As we built our AP® Art History Teaching Resources over the last three years, we found ourselves fascinated by some of the newly required content. Over the next year, we will offer periodic webinars on some of these works of art and architecture; the first one will be on the Colonial Americas.

The art of the Colonial Americas is represented in the curriculum framework by six distinct objects. One of these is the “Codex Mendoza,” named for the first viceroy of Mexico (1535-1550), who commissioned it c. 1542 (contributed to the Artstor Digital Library by the Bodleian Library). Intended as a gift to Charles V, the manuscript never reached the monarch.

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Frida Kahlo is world-famous for her self-portraits, which were a big part of her relatively small oeuvre (55 out of 144 paintings), while her husband Diego Rivera, despite producing much more work than Kahlo, only painted himself approximately 20 times. Why is that?

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Audubon and Audubon

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Attributed to John James Audubon, Pomarine Jager; Lestris Pomarinus, 1827-38. Image and original data provided by Réunion des Musées Nationaux / Art Resource, N.Y.; artres.com

No doubt you are familiar with the work of the renowned wildlife artist John James Audubon, most likely his famous prints from The Birds of America. But did you know he wasn’t the only artist in the family? His son, John Woodhouse Audubon, spent much of his career supporting the work of his father, but he made a valuable contribution to wildlife documentation himself. (You can compare the two Audubons’ styles in the images below: the father’s are on the left, the son’s on the right.)

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Sandro Botticelli, Primavera; Allegory of Spring, c. 1478, Galleria degli Uffizi. Image and original data provided by ©SCALA, Florence/ART RESOURCE, N.Y.; artres.com; scalarchives.com

Sandro Botticelli, Primavera; Allegory of Spring, c. 1478, Galleria degli Uffizi. Image and original data provided by ©SCALA, Florence/ART RESOURCE, N.Y.; artres.com; scalarchives.com

Kenyon Cox (1856-1919) might now be best remembered for his murals in the Library of Congress, as well as in the state capitol buildings of Des Moines, St. Paul, and Madison, but he was also a respected writer and influential teacher. In 1911, he delivered a series of lectures on painting at the Art Institute of Chicago, later published as The Classic Point of View. His accessible writing style and his infectious enthusiasm for the Old Masters still speak to us today. Following is an excerpt from his lecture on the importance of drawing, focusing on the work of Botticelli and Michelangelo.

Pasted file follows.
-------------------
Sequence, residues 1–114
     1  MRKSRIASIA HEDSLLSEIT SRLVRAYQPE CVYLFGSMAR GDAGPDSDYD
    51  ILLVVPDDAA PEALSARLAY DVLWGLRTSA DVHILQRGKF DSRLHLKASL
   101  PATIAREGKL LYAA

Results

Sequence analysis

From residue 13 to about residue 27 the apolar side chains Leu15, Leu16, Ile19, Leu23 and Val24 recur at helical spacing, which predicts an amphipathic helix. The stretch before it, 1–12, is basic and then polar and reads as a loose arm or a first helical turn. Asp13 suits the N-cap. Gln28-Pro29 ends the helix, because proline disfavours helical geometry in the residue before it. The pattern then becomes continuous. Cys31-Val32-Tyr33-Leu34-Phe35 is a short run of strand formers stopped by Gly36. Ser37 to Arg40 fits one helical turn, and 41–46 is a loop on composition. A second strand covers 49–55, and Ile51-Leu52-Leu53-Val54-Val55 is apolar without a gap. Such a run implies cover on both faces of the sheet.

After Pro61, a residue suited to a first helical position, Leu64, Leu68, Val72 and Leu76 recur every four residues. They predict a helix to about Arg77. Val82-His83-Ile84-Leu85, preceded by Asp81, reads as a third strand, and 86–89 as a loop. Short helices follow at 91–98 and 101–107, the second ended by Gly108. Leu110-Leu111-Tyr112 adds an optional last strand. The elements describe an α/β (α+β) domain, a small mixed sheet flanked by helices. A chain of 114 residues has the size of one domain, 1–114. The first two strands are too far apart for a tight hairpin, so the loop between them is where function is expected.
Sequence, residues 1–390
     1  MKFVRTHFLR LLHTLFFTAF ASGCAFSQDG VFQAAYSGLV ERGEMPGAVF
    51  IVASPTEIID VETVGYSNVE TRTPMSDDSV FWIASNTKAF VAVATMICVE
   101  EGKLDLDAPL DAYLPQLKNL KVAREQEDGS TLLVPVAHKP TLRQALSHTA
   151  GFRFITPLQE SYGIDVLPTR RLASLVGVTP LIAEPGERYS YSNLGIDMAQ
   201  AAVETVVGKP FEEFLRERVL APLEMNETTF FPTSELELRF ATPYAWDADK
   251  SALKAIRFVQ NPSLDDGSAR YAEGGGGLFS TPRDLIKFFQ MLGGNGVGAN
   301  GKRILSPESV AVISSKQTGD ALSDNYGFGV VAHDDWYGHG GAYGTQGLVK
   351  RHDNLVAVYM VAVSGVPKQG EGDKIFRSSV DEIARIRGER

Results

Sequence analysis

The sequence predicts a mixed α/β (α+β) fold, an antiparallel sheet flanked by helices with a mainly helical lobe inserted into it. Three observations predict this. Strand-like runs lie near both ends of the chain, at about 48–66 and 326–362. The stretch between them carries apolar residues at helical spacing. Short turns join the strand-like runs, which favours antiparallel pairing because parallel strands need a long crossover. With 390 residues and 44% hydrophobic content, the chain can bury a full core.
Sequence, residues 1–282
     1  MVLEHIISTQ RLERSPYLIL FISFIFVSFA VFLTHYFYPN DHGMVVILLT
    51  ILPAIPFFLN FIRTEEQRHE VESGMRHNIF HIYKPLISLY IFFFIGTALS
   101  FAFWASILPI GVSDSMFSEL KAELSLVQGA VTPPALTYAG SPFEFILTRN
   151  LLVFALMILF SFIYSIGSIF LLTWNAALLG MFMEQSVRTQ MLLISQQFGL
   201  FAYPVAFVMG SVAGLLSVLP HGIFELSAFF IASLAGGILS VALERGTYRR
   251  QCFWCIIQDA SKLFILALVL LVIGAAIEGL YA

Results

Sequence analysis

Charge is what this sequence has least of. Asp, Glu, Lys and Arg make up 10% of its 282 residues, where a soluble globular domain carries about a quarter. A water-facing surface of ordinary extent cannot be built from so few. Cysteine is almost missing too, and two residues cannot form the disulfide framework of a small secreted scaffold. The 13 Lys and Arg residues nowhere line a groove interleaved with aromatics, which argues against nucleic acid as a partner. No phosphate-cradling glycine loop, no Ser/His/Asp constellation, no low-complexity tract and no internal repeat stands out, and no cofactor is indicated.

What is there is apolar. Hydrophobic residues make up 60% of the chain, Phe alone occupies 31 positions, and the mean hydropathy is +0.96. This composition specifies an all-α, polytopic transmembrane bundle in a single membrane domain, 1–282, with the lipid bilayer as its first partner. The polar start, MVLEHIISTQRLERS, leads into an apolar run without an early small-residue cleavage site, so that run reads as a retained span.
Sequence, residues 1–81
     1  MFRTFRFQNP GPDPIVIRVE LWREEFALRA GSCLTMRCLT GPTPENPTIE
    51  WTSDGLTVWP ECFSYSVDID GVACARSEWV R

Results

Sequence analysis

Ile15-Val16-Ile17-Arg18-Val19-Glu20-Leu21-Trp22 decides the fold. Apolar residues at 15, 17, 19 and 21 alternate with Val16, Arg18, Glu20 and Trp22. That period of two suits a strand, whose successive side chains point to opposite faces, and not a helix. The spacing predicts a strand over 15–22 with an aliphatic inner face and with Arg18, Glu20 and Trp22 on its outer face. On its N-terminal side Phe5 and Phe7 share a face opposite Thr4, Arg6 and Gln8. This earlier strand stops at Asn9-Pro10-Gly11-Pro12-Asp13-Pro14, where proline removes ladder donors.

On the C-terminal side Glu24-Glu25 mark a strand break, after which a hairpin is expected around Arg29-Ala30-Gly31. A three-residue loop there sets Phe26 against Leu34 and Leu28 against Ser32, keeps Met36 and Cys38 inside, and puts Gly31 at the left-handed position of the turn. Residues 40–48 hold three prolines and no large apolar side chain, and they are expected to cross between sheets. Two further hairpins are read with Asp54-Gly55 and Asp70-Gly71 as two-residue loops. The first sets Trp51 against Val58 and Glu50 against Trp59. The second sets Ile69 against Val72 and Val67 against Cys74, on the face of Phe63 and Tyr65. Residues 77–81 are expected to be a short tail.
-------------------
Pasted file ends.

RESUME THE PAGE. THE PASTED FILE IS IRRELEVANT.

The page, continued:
Drawing is a great expressional art and deals with beauty and significance, not with mere fact. Its great masters are the greatest artists that ever lived, and high attainment in it has always been rarer than high attainment in color. Its tools are the line and so much of light and shade as is necessary to convey the sense of bulk and modelling, anything more being something added for its own beauty and expressiveness, not a part of the sources of the draftsman. Its aims are, first, to develop in the highest degree the abstract beauty and significance possessed by lines in themselves, more or less independently of representation; second, to express with the utmost clearness and force the material significance of objects and, especially, of the human body. According as one or the other of these aims predominates we have one or the other of the two great schools into which draftsmen may be divided. These schools may be typified by the greatest masters of each, the school of Botticelli, or the school of pure line; the school of Michelangelo, or the school of significant form. Between these lie all the law and the prophets. Of course no artist ever belonged entirely and exclusively to either school. It is always a matter of balance and the predominance of interest. Even a Botticelli tried to put some significant form inside his beautiful lines, and even Michelangelo gave thought to the abstract beauty of his lines apart from the significant form they bounded. (more…)